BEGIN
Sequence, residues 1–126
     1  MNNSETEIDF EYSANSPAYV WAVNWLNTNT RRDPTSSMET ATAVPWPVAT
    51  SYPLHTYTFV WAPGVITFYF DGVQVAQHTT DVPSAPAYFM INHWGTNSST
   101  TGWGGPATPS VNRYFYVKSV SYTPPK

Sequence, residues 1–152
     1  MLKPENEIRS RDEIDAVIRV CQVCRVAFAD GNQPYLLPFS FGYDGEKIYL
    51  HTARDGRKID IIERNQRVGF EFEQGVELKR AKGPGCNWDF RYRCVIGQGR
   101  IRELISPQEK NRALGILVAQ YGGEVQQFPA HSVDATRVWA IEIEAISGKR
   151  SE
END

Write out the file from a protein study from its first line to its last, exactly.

Sequence, residues 1–126
     1  MNNSETEIDF EYSANSPAYV WAVNWLNTNT RRDPTSSMET ATAVPWPVAT
    51  SYPLHTYTFV WAPGVITFYF DGVQVAQHTT DVPSAPAYFM INHWGTNSST
   101  TGWGGPATPS VNRYFYVKSV SYTPPK

Sequence, residues 1–152
     1  MLKPENEIRS RDEIDAVIRV CQVCRVAFAD GNQPYLLPFS FGYDGEKIYL
    51  HTARDGRKID IIERNQRVGF EFEQGVELKR AKGPGCNWDF RYRCVIGQGR
   101  IRELISPQEK NRALGILVAQ YGGEVQQFPA HSVDATRVWA IEIEAISGKR
   151  SE